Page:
In a galaxy hanging out in the early Universe less than 1.5 billion years after the Big Bang, the James Webb Space Telescope has made an astonishing detection.

From light that traveled for over 12 billion years from a galaxy known as SPT0418-47, astronomers teased out the spectral signal of complex molecules – the polycyclic aromatic hydrocarbons (PAHs) that make up some of the dust grains in the clouds that drift between the stars, soaking up the light and re-emitting it at infrared wavelengths.

This dust indicates a high rate of star formation, which isn't unexpected for a galaxy of this early Universe epoch. But the dust is not uniformly distributed, and that shows that this star formation can be mapped to different locations within the galaxy, according to a team led by astronomer Justin Spilker of Texas A&M University.

And the ability to make such a detailed observation of such a distant galaxy is honestly pretty danged mind-blowing.

"Here we present James Webb Space Telescope observations that detect the 3.3-micrometer PAH feature in a galaxy observed less than 1.5 billion years after the Big Bang. The high equivalent width of the PAH feature indicates that star formation, rather than black hole accretion, dominates infrared emission throughout the galaxy," the researchers write.

"Our observations demonstrate that differences in emission from PAH molecules and large dust grains are a complex result of localized processes within early galaxies."

Polycyclic aromatic hydrocarbons might sound high-falutin', but they're not particularly rare. Here on Earth, they're as common as soot. Because they're in soot. They're a class of organic compounds that contain a ring of carbon atoms that can form during the compression and heating of organic matter. Coal contains PAHs; so does smoke, smog, and crude oil.

The origins of PAHs can be non-biological, too; as far as we know, most of the PAHs in the Universe are non-biological. And there are a lot of them out there.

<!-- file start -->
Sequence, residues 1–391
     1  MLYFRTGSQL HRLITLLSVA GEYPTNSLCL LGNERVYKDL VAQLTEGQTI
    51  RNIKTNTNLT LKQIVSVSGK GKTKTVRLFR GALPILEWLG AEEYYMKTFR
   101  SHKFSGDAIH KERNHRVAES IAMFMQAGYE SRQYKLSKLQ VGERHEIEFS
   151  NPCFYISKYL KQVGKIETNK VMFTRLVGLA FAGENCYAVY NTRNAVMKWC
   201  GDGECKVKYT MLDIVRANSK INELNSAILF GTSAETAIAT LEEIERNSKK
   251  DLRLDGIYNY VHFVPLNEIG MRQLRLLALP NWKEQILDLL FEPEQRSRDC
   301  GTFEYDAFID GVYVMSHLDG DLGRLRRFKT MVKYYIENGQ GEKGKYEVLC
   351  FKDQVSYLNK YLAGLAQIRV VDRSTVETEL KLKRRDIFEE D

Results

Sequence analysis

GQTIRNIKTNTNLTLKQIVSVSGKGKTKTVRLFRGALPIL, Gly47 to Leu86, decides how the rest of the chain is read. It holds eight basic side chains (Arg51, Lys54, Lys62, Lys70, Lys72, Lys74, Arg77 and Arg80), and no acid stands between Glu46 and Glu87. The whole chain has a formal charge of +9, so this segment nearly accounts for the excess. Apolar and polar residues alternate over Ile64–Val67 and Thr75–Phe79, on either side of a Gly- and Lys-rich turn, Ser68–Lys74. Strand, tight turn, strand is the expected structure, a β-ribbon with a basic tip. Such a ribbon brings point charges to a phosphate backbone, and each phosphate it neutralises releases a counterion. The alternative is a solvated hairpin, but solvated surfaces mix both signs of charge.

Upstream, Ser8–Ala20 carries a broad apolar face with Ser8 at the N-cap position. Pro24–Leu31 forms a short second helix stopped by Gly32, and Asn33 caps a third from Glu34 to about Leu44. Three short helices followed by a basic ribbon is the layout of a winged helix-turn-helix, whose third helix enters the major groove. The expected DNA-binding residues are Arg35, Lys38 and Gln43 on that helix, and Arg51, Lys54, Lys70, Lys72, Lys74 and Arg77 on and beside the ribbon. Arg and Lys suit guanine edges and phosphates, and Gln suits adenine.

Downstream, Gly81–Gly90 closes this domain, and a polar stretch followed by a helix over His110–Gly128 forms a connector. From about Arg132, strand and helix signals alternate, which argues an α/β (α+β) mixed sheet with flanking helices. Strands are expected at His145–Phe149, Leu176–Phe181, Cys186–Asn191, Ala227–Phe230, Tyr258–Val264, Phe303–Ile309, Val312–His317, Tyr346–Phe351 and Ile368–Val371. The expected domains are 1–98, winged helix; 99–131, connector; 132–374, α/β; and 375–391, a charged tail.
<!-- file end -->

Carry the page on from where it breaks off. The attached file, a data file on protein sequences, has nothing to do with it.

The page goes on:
Previous analysis suggests around 15 percent of all carbon between the stars in galaxies like ours is bound up in PAHs. Most of that is floating between the stars as dust in the interstellar medium, and they're considered a fairly reliable tracer of star formation.

We've detected PAHs in other galaxies, but finding them in very faraway galaxies is much more challenging. These molecules absorb light and re-emit it in infrared wavelengths, and previous infrared telescopes had vastly limited sensitivity and coverage. However, we now have the JWST, the most powerful space telescope ever built, strongest in infrared wavelengths.

Diagram illustrating gravitational lensing. (NASA, ESA & L. Calçada)

But that's not quite enough on its own. JWST had to tap into a quirk of physics to make such a detailed observation: gravitational lensing. This is a gravitational curvature of space-time that occurs around massive objects in the Universe. Imagine a bowling ball placed on a trampoline: The fabric of the trampoline warps and stretches in response to the mass.

Space-time does something similar around massive objects such as galaxies and galaxy clusters, but there's a bonus. Because space-time is warped and stretched, any light traveling through it also becomes warped, magnified, and sometimes duplicated. This means we can effectively use these lenses as a sort of cosmic magnifying glass, adding a lot of oomph to the power of our telescopes.

Between us and SPT0418-47 is another galaxy, at a distance of around 3 billion light-years, providing that lensing oomph. This means when JWST took observations of the galaxy as part of the TEMPLATES Early Release Science program, it was able to get enough detail that Spilker and his colleagues could tease out the spectral signature of the light emitted by PAHs at a mid-infrared wavelength of 3.3 micrometers.

This constitutes the most distant detection to date of complex aromatic molecules, and although there's a lot we still don't know – the reason for the uneven distribution of PAHs throughout the galaxy is unknown – it bodes excitingly well for future studies of the evolution of galaxies in the early Universe.

The research has been published in Nature.